Vertebroplasty and Kyphoplasty

What are vertebroplasty and kyphoplasty?

Vertebroplasty and kyphoplasty are minimally invasive medical procedures used to treat certain spinal conditions, particularly vertebral compression fractures (VCFs) in the spine. These fractures frequently arise due to osteoporosis or other medical conditions that compromise the structural integrity of spinal bones, leading to pain and a hunched appearance known as kyphosis. The objectives of vertebroplasty and kyphoplasty are to reduce pain, stabilise the impacted vertebrae, and enhance the patient's overall quality of life. 

Both vertebroplasty and kyphoplasty are regularly performed as outpatient procedures due to their minimally invasive process with only minor incisions. Patients with painful spinal compression fractures who have not responded to traditional treatments like pain medication and rest are usually advised to get them.

Vertebroplasty and kyphoplasty are often used to treat compressed vertebrae.

How do vertebroplasty and kyphoplasty work?

In vertebroplasty, a medical-grade cement is directly injected under fluoroscopic guidance into the fractured vertebral body to provide stability and pain relief. In comparison, kyphoplasty entails a second procedure that involves inserting a balloon-like device into the vertebral body and inflating it before injecting cement to create a cavity. 

This works to restore part of the lost vertebral height and stabilise the fracture. Both treatments are carried out under local anaesthesia. The decision on which operation is most appropriate is based on various elements, such as the severity of vertebral collapse and the specific outcome requirements of the treatment.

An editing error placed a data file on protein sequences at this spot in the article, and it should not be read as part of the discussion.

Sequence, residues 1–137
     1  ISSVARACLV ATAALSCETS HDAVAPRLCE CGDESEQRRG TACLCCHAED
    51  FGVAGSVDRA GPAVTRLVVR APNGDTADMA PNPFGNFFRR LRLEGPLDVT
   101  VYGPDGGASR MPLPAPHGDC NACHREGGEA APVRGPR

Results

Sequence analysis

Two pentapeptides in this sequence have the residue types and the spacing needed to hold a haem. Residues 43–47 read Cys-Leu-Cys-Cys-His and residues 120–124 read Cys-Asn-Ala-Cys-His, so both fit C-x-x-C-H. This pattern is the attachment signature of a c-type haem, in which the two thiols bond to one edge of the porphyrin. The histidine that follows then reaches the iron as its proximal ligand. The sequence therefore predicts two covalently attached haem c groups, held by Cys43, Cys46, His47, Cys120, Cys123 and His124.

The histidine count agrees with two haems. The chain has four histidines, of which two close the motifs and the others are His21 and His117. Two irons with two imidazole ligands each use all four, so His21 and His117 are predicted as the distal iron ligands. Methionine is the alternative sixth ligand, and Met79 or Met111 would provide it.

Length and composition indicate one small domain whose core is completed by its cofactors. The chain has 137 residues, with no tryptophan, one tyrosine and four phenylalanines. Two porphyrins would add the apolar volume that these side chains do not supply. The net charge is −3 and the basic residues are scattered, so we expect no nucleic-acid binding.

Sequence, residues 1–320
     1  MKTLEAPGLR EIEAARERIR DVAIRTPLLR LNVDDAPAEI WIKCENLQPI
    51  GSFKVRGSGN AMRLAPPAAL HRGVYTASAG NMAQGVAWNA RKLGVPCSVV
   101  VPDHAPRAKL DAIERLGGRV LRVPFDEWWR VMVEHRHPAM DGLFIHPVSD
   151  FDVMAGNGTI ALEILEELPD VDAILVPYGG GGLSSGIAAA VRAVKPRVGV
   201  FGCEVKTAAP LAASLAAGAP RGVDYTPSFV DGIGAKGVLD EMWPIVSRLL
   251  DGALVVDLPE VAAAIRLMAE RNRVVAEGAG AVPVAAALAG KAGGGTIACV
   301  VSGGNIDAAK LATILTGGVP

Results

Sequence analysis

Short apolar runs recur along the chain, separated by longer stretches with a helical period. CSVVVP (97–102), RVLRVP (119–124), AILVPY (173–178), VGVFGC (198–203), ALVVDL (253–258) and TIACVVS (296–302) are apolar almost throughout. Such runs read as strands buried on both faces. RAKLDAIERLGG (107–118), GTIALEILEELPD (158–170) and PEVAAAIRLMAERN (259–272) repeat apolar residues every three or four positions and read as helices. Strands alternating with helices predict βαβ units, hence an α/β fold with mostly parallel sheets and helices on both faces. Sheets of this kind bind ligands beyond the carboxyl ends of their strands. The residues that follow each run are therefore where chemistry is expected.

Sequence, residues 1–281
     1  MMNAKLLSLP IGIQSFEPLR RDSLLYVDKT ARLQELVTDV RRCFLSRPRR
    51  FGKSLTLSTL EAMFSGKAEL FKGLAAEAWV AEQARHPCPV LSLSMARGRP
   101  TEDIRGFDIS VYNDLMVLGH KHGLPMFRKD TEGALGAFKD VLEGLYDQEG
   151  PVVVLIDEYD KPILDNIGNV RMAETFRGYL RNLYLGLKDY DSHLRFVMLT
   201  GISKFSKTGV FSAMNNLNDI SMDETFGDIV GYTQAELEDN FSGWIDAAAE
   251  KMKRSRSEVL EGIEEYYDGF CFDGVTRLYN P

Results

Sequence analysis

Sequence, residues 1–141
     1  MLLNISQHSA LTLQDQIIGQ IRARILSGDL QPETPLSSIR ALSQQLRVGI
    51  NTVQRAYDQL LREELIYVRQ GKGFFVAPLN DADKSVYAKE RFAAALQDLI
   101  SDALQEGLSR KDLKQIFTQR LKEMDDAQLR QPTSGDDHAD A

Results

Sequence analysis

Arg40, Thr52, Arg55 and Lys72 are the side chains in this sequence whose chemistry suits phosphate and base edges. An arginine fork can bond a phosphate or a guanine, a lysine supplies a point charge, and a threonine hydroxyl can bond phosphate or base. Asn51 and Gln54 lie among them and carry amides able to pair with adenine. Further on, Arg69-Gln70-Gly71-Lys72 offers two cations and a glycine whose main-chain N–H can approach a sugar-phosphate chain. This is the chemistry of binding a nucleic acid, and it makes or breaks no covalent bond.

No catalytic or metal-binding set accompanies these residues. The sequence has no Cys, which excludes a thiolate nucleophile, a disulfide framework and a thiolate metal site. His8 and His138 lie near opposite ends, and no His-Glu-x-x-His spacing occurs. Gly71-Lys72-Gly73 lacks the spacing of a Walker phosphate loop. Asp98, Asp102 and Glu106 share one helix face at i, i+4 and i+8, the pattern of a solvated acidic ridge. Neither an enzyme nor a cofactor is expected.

A kyphoplasty involves inflating a balloon-like device in the vertebral body before the cement is injected.

Benefits of vertebroplasty and kyphoplasty

  • Immediate pain relief
  • Improved quality of life
  • Rapid recovery
  • Preservation of spinal alignment
  • Minimised risk of complications
  • Reduction in medication use
  • Quick procedure
spine conditions
Spinal conditions such as osteoporosis, degenerative disc disease, or fractures can be treated with vertebroplasty or kyphoplasty.

What conditions do vertebroplasty and kyphoplasty treat?

Potential conditions which may be treated with vertebroplasty and kyphoplasty include:

  • Osteoporosis: a common condition characterised by the weakening of bones over time, making them more susceptible to fractures. These procedures can help manage the pain and increase spinal stability in the fractured vertebrae. 
  • Trauma: head or spinal injuries can lead to vertebral compression fractures. Vertebroplasty and kyphoplasty can address these fractures and provide pain relief. 
  • Metastatic spinal tumours: vertebrae may weaken when cancer spreads to the spine (metastatic tumours). Both procedures may stabilise the affected areas to alleviate pain and prevent further discomfort.
  • Multiple myeloma: a form of cancer that affects the plasma cells. It often leads to areas of weakened bone where the cancerous plasma cells have replaced weakened bone tissue. The presence of which can cause severe bone pain. Vertebroplasty and kyphoplasty can be part of the treatment plan for patients with multiple myeloma to manage fractures and pain.